The BEST thing about this garment was that I didn't have to try on and attempt to fit as I went. I knew I'd invested the time to make it turn out right!
Sooo.... here it is :O
For my other posts in the fitting series, here's a link to post #1, post #2, and post #3.
I spent a while deciding what to make first with my new darted bodice block. In the end I decided I would show off my good fit by letting it speak for itself. No distracting design details, no patterned fabric. (However I am looking forward to playing with both of those things!) The pure simplicity of light pink linen. There's nowhere to hide!
This pattern is a true Frankenpattern; the bodice is Vogue 8766, the skirt is a Sewaholic Cambie, and I used the instructions for the Colette Truffle dress!
The instructions were good, if a little sparse. I finally got to try out the different way of lining a bodice which eliminates the need to hand-stitch! Yay! I've seen it floating around the web and have wanted to try it! I give it a thumbs up, though I will work to improve my technique in the future.
However, I did still hand-stitch the lining down at the waist, as stitching in the ditch from the right side is a bigger pain, in my opinion! (Maybe I just need more practice!)
I also need lots more practice at putting in invisible zips; I definitely still find them a bit scary, and it takes me a while to make sure everything's lined up right! But I got there, and it's rather invisible, so yay :) (And this was done with a regular zip foot, I still don't own a specialised foot. IT CAN BE DONE!)
This is a linen I bought when I was still a total sewing newb. I thought I'd make a top, but I realised it was too heavy and would result in a boxy top; not the look I was after. I'm glad it finally found its destiny!
The lining is a super cute lightweight floral someone from the WSBN gave to me. Score! I would have had enough to line the skirt as well as the bodice, but I accidentally cut extra pattern pieces I didn't need instead. Ugh! Lol!
But I'm so pleased at how they go together <3
Oh yeah, and frankenpatterning the pieces together was a case of "This'll be easy... *hours later* Hmmm, okay. I was wrong". I had to:
a) Make the seams of the bodice and skirt pieces the same length on both the front and back (they were quite different).
b) Make all the darts line up (again, quite different!)
I ended up increasing the waist of my bodice a little at the side seams, and decreasing the cambie skirt. On the bodice front, I didn't want to mess up the side seams because of the pockets, so I took it out of CF all the way down to the hem.
On the bodice back I took some from CF and a bit from the side seams, (On the side seams I tapered to the original side seams further down).
I was just sorta making it up as I went. Obviously since I'd fitted the bodice so carefully I tried to change it minimally, mainly changing the skirt.
For the darts, I moved them on both the bodice and the skirt, as they were quite discrepant! Phew, a lot more work than I anticipated!
|By the way, I stained this fence, so admire it will you?? (I'm not DIY at all so this is a big deal haha!)|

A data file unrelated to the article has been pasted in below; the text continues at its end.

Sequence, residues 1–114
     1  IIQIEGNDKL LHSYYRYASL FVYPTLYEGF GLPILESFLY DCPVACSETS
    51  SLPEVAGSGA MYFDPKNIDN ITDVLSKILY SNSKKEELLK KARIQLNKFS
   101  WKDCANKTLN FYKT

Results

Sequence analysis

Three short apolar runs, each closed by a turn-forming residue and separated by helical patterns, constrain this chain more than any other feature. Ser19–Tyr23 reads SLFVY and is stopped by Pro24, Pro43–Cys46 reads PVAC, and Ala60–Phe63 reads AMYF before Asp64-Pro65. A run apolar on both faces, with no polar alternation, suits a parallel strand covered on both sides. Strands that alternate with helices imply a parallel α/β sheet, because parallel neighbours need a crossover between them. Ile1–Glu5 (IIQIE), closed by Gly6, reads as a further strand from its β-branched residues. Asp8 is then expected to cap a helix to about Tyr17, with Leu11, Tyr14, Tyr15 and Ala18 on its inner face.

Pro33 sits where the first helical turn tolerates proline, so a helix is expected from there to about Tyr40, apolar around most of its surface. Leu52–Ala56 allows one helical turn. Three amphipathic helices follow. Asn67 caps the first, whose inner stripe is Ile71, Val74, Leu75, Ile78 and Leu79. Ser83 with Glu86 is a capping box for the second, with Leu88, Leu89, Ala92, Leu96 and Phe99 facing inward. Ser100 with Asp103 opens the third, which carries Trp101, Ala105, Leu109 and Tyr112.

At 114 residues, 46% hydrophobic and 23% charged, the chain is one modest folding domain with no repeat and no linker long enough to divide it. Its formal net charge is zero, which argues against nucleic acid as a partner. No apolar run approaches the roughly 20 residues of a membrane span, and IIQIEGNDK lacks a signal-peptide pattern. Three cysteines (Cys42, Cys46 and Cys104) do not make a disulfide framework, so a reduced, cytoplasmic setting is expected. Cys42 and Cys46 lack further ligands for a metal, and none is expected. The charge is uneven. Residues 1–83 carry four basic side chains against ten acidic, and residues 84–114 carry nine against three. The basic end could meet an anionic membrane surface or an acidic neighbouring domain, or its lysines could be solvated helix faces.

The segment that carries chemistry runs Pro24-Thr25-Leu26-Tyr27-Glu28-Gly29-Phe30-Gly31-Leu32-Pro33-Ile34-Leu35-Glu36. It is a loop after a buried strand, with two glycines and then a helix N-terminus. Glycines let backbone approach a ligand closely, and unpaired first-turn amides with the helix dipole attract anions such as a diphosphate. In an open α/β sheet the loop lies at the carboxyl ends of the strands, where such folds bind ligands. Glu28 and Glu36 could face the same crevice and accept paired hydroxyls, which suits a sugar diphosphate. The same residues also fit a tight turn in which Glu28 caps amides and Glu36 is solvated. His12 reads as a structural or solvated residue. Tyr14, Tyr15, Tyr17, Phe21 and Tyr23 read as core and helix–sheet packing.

The linen was very fray-happy, so I pinked the seams that would be enclosed in the lining. I don't know if it was necessary, but it couldn't hurt... I finished some seams with zig zag and some with my overlocker (I'm still scared of chopping a hole in my garment with it by accident!).
For the hem, I pinked it, then stitched bias tape on top of it. I did this to reduce bulk, because instead of turning under the raw edge of the linen (two layers of medium-weight fabric), there is just the linen with the thin bias tape on top. I picked up this idea online. I think I'm doing it right?? Haha. I didn't have any lace which I suppose would be even better, being thinner!
Then I used my machine to blind hem it.
I switched my machine with my Mum's when I went up north for Christmas. Both of them are from the same series though, so it's almost the exact same machine! I believe these machines date from the late 1960s. Mine was the most basic level (I think it was a 732). Her 730 has a few extra features which include fancy ornamental stitches! I also like the way it runs a little better.
Last time I did a blind stitch hem, I had to use a long zig zag, and I did it this time too. It was only AFTERWARDS that I realised one of the fancy new ornamental stitches I have access to was a blind hem stitch! D'oh! I will use it next time and think I'll get a nicer result, as my wee test indicates... The stitches are spaced further apart which helps hide the hem.
Still, the jury is still out on whether it can beat a hand-stitched hem!
|Bottom: dress hem. Top: Even BLINDERER sample hem! Next time!|
Okay, I'm going to take a wee second to congratulate myself on my nice fit:
Boobie darts: Smooth and in the right spot.
Neckline: No gape
Side seam: Straight (YESSS)
Armholes: Not too low, follow the curves of my body.
Annnnd... Waist seam: LEVEL!!! It's Leveeeeeeeeeellllllllll!!!
Oh, and just for satisfaction, a comparison to my first muslin:
|"I made this pretty dress, and all it took was a million hours of muslining! Simple!"|
Ooh P.S Happy Valentine's Day! It is also my wedding anniversary today and we are going out for dinner. Naturally I shall wear this dress!
P.P.S Thanks for entering my giveaway, it is still going and I will announce the winner soon!